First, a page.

There is no one unified Global net but several global spheres…
Firewall + Great Wall of China = The Great Firewall of China
The Great Firewall of China (GFW; simplified Chinese: 防火长城; traditional Chinese: 防火長城; pinyin: Fánghuǒ Chángchéng) is the combination of legislative actions and technologies enforced by the People’s Republic of China to regulate the Internet domestically. Its role in Internet censorship in China is to block access to selected foreign websites and to slow down cross-border internet traffic. The effect includes: limiting access to foreign information sources, blocking foreign internet tools (e.g. Google search, Facebook, Twitter, Wikipedia, and others) and mobile apps, and requiring foreign companies to adapt to domestic regulations.
Besides censorship, the GFW has also influenced the development of China’s internal internet economy by nurturing domestic companies and reducing the effectiveness of products from foreign internet companies. The techniques deployed by the Chinese government to maintain control of the Great Firewall can include modifying search results for terms, such as they did following Ai Weiwei’s arrest, and petitioning global conglomerates to remove content, as happened when they petitioned Apple to remove the Quartz business news publication’s app from its Chinese App Store after reporting on the 2019–20 Hong Kong protests.
The term Great Firewall of China is a portmanteau of firewall and the Great Wall of China, and was first used in print by Geremie Barmé in 1997. The term started its use in Beijing in 1996 by Stephen Guerin of Redfish Group, a Beijing-based web consultancy. 1996 interviews of Guerin by CNN’s Andrea Koppel and NPR’s Mary Kay Magistad included Guerin discussing China’s “reversing the firewall”.
Welcome to the ‘splinternet’: Trump adds to fractures in worldwide web
The U.S. has mostly opposed the balkanization of the internet into global factions, but experts said two new executive orders may help change that.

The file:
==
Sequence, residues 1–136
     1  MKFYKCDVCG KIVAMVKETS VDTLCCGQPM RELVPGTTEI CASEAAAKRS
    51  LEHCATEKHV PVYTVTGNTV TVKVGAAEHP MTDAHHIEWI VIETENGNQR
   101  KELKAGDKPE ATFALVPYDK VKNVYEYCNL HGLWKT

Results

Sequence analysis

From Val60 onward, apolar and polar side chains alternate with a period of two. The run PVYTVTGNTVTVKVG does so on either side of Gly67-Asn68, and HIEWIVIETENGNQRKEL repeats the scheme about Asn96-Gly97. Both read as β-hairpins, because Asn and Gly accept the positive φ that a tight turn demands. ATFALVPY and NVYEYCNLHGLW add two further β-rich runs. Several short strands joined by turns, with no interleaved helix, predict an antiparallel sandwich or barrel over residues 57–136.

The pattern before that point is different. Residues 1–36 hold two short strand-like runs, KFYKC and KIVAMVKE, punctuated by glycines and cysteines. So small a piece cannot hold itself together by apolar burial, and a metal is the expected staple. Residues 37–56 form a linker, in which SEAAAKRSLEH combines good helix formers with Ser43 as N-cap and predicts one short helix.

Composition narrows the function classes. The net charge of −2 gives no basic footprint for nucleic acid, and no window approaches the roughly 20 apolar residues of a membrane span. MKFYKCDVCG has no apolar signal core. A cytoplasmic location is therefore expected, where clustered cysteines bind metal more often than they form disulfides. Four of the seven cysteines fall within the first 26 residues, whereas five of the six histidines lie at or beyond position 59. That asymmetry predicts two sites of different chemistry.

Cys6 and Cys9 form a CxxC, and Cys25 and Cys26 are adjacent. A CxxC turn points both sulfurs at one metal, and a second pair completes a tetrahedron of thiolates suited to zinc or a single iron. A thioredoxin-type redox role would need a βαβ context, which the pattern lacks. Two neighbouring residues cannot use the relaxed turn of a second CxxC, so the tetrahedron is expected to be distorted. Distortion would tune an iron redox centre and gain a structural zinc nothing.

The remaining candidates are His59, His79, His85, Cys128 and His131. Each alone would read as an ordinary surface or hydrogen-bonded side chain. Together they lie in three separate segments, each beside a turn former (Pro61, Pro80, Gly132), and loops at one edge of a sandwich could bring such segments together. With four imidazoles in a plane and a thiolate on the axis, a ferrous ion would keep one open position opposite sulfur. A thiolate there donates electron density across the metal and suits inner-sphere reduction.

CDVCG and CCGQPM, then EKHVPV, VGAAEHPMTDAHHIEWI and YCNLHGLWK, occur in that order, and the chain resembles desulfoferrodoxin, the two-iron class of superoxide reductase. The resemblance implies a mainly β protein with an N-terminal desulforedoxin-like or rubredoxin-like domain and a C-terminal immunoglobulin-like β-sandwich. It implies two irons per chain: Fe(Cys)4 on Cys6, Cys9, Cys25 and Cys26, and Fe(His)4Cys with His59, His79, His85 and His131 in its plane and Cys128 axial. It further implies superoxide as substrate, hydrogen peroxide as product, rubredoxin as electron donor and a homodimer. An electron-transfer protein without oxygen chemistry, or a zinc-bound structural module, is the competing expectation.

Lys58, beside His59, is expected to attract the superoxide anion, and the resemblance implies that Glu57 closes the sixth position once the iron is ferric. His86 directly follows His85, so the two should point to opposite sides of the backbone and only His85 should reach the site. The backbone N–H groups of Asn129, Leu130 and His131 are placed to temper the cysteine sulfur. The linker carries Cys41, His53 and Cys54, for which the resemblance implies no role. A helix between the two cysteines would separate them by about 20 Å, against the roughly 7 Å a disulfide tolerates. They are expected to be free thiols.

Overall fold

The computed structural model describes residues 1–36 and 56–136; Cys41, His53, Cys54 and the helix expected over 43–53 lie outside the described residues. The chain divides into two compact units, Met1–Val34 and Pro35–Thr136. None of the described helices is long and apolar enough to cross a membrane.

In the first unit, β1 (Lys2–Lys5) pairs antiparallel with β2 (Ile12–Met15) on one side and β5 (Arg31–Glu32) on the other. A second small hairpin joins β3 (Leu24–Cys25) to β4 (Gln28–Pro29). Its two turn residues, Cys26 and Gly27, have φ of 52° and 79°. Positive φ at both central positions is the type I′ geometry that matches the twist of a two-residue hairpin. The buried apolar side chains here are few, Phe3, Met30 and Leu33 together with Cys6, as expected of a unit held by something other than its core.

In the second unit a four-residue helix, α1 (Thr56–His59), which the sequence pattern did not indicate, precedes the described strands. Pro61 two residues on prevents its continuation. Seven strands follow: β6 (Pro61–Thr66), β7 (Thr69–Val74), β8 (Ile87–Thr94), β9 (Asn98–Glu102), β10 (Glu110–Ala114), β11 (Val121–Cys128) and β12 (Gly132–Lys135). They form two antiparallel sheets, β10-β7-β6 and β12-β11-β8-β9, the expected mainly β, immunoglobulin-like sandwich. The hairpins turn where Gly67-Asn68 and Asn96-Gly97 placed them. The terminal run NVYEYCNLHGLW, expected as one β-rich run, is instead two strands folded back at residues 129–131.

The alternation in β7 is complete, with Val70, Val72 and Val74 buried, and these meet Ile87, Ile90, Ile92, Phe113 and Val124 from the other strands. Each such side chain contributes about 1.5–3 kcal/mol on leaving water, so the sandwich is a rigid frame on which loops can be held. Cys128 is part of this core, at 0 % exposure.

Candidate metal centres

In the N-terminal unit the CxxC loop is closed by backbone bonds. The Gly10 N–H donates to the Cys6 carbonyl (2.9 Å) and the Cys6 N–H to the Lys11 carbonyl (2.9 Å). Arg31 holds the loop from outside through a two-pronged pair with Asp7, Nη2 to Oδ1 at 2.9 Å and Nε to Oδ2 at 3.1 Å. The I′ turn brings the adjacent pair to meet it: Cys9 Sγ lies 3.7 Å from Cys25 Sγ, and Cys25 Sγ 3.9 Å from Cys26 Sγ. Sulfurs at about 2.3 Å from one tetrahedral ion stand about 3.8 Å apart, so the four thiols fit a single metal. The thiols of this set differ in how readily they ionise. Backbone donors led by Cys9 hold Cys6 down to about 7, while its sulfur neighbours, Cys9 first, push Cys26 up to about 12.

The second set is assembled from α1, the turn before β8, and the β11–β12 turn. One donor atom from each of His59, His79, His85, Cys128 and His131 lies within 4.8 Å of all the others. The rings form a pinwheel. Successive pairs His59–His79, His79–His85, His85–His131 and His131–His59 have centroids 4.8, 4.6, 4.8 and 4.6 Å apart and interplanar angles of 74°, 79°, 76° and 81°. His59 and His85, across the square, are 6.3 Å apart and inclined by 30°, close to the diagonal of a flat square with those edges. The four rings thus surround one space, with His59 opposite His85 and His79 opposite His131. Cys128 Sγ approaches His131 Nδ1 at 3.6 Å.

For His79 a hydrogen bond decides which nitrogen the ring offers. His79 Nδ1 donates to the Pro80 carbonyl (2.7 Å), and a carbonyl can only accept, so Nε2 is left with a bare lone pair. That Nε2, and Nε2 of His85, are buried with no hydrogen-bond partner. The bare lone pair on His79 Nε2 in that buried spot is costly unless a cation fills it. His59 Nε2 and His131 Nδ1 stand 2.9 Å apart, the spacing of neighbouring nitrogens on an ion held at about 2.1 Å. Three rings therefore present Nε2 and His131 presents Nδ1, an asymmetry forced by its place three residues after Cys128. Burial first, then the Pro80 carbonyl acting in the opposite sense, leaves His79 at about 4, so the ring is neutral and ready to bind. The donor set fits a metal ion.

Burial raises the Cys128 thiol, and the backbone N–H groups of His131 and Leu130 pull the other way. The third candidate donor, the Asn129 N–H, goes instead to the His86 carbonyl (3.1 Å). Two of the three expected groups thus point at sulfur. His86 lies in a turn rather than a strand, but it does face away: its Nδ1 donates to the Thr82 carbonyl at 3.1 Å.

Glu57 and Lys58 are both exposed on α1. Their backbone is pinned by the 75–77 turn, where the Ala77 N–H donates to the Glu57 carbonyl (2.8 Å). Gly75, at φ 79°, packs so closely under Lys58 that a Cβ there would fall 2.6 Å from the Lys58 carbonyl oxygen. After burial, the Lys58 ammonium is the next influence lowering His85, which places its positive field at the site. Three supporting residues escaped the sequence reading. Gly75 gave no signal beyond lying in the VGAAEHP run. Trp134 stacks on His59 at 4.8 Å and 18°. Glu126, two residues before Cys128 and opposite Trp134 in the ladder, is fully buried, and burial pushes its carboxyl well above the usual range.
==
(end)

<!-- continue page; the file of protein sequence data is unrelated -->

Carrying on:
Aug. 8, 2020, 6:07 AM +08By David Ingram
It may not be possible to have a worldwide internet, after all.
Tech policy experts said Friday that the idea of the internet as one global, unifying phenomenon was at stake after President Donald Trump took the sudden step of announcing bans on two popular Chinese apps, TikTok and WeChat, calling them security risks.
It was an extreme example of Trump using security powers to stifle the spread of technology, and people who study how the internet is governed said his orders will only worsen an international breakup along regional and political lines that’s already years in the making.
“This is definitely the splinternet,” said Dipayan Ghosh, a former Obama White House tech adviser who now directs the Digital Platforms & Democracy Project at the Harvard Kennedy School.
“We’re seeing increasing division between the U.S., Russia, China and the E.U., and clear factions are starting to develop. I don’t think it’s helpful, coming especially as it is from a politicized administration,” he said.
Trump’s action took the form of two executive orders. The one about TikTok in effect formalized a deadline for Microsoft’s ongoing talks to buy much of that company. The other order said the U.S. would ban “any transaction that is related to WeChat by any person” starting in 45 days.